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Recharge, Reframe, Reclaim: The Role of Race in Pain

This interview is from the Like Mind, Like Body podcast. You can listen to the full interview below, on iTunes or Google Podcasts.


Race, rest, recharging, and revitalizing: this episode covers it all. Join Christie Uipi, Founder of the Better Mind Center, and Benita Jackson, PhD, MPH, for a wide-ranging conversation about the next wave of chronic pain research.

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Christie: Curable’s work focuses a lot on how pain is a danger signal and it's a danger signal that happens in response to threat, both real and perceived. And it relates to both our internal and our external experiences in thinking about the effects of discrimination. What can you tell us about the brain generated nature of pain in a social context?

Benita: Thanks for laying that out so well. It's like you said, right? If people are perceiving threat, whether it's a threat right in front of them or it's a threat that becomes switched on because of reminders of some past unprocessed threat, then these danger alarm signals can be chronically activated. And that is real in terms of the pain experience and it's a protective response to threatening information. So in terms of racism, we can also think about; how does this threat end up being signaled in the environment? How is it that we can send signals of safety? And obviously, how can we remove the threats?

But I think this work is just at the beginning in terms of really delineating the specific pathways. The neuroscientists are going to look at the very specific brain pathways, and the behavioral scientists will help us unravel how we can retrain those pathways into healing for individuals, and the sociologists will help us think about systems and how systems can be set up to signal safety instead of threat.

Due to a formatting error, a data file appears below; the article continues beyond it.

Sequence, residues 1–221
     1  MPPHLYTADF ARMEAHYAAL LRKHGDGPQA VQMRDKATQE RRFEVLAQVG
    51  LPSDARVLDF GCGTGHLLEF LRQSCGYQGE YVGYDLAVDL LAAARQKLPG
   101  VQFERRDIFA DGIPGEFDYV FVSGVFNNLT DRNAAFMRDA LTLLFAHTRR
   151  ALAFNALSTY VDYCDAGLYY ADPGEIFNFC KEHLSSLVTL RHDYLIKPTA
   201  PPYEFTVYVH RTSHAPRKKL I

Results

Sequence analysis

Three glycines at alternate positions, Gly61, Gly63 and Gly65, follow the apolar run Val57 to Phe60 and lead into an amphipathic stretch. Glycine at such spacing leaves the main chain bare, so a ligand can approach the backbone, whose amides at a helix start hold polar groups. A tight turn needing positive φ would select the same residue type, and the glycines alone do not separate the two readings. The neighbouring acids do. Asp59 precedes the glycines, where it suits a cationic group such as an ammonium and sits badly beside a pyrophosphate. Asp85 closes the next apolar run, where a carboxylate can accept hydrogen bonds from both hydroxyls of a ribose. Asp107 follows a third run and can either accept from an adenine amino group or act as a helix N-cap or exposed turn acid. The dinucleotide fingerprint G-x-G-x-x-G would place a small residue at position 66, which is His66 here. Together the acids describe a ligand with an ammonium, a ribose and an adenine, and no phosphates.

I do want to underscore that and we're just beginning to sketch this out in the medical literature and in the public health literature. But that's not to say that thinking about social psychology and racism hasn't been studied or written about for many, many years. The new piece is connecting that to chronic pain in academic literature. It’s something that's very new and that we need to do a lot more of.

[this is an excerpt only - for full response, listen to the podcast at the link above]

Show Notes

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Meet the Host

Christie Uipi, LCSW

Christie is the executive director and founder of The Better Mind Center. She is a member of Curable's Scientific Advisory Board who has dedicated her entire career to helping people with chronic symptoms heal through a mindbody approach. Avid Like Mind, Like Body listeners might also recognize Christie from a previous episode of the podcast where she was on the other side of the microphone.

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